Make your presentation as visually pleasing as possible. Don’t crowd your slides with blocks of text and instead rely on things like compelling graphics, charts, and important stats to highlight need-to-know information. When used appropriately, video and animations can keep your content interesting as well.

Also, don’t hesitate to call attention to your slides by directing attendees to look at a certain point on the screen or referencing something specific in one of your graphics. Doing so will keep them engaged in what they’re hearing and looking at.

The important thing to keep in mind is that your slides don’t exist for you to read from (that’s what your notes are for!). So, make sure that you’re truly using them as a visual aid—rather than a script.

4. Show some enthusiasm.

Most people would rather watch paint dry than listen to a boring, lifeless presenter. One of the best ways to engage your audience is to be engaging—and that’s tough to do if you’re speaking in a monotone voice and seem totally detached from the topic.

Show some enthusiasm for your content by varying the tone of your voice, sharing compelling anecdotes, and just generally seeming like you’re excited to speak about the topic at hand.

It’s human nature: The more interested you seem in your presentation, the more your audience will think it’s worthy of their attention.

5. Encourage engagement before, during, and after.

Your webcast is a one-time event, but that doesn’t mean that engagement can only happen when things are live.

Make it your goal to interact with your attendees before during and after the event. Here are a few ideas to make that happen:

  • Before the Webcast: Ask attendees to submit questions that they want to be answered or any other ideas they’re hoping to see covered in your presentation.
  • During the Webcast: Poll your audience or ask them to submit questions in real-time.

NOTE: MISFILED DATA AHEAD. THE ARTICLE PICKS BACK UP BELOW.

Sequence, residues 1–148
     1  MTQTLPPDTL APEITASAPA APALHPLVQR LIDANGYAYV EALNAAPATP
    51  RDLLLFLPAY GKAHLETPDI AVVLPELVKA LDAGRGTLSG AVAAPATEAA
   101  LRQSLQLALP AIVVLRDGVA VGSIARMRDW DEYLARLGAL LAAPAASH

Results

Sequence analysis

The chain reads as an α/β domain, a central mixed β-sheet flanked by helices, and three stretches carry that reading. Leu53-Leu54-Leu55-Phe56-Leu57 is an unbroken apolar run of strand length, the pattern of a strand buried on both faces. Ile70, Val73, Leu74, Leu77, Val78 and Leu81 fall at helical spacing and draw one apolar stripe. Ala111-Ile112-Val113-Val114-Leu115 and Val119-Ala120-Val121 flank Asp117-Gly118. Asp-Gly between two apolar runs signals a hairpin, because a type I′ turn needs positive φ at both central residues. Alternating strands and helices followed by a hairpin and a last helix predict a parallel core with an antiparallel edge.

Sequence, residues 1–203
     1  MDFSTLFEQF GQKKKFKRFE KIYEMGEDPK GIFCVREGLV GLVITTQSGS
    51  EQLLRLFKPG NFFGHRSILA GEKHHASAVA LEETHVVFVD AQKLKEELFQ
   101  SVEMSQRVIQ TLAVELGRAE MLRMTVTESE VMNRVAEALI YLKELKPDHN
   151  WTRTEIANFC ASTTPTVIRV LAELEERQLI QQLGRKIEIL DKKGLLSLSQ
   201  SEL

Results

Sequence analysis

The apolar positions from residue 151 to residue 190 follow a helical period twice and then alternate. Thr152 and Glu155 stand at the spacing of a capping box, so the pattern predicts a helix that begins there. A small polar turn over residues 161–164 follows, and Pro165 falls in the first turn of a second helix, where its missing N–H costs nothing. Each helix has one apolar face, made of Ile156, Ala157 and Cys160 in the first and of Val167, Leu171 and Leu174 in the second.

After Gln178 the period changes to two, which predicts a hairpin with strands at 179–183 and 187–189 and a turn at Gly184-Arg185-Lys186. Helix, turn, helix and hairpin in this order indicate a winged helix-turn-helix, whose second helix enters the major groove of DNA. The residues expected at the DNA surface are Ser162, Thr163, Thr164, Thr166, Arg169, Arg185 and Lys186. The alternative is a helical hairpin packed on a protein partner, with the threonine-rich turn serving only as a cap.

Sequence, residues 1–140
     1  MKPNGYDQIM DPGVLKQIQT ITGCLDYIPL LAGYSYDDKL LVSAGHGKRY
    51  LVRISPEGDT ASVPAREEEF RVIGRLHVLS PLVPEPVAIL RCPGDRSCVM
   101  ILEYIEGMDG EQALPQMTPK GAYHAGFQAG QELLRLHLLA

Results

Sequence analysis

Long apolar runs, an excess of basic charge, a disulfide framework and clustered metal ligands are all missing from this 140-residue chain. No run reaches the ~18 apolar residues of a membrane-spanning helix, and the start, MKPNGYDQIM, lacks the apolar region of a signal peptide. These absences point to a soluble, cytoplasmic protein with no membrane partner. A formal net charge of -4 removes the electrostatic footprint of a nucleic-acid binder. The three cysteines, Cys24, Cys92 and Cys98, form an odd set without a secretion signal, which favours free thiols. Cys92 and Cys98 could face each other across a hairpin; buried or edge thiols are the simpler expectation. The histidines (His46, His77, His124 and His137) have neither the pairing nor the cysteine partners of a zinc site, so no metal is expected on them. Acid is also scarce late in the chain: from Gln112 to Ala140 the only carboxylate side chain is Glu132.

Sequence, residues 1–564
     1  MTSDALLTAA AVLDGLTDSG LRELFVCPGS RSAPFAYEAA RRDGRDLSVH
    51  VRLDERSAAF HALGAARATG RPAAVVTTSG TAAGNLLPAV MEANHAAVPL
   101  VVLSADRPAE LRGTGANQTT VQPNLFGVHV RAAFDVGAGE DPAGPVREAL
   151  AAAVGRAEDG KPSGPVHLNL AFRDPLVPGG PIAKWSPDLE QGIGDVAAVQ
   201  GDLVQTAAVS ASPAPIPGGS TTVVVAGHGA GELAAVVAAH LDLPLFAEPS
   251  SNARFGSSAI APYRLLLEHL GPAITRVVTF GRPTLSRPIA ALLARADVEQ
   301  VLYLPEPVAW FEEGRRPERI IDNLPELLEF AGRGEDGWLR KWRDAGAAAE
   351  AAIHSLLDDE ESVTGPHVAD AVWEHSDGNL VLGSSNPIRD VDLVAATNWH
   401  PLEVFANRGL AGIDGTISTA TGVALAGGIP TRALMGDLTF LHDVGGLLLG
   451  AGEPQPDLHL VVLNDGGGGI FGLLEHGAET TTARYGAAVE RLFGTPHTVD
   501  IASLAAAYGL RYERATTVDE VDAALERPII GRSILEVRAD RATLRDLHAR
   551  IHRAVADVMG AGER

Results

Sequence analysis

• After the Webcast: Include the recording in a blog post and ask viewers to post any follow-up questions that you can reply to or cover in a future webcast.

Your webcast is a valuable piece of content, so there’s no need to reinvent the wheel over and over again. Find different ways you can repurpose the topics that were covered, and you’ll make the absolute most of that asset!

6. Figure out what went well—and what didn’t.

Even with all of your preparation, there are going to be some things that you could’ve done better during your webcast. Fortunately, identifying those areas gives you room to improve next time.

Following your webcast, send out a survey to your attendees asking for their feedback on what they enjoyed and what they would’ve changed. Analyze those results carefully and then leverage that input to make your next webcast even more helpful.

Having tips, advice, and best practices (like the ones we’ve covered here) in your back pocket can certainly help you put together a solid webcast.

But, there’s a lot to be said for learning through trial and error. Make sure to pay attention to what’s going well and what needs adjustment, and your webcasts will keep getting better and better.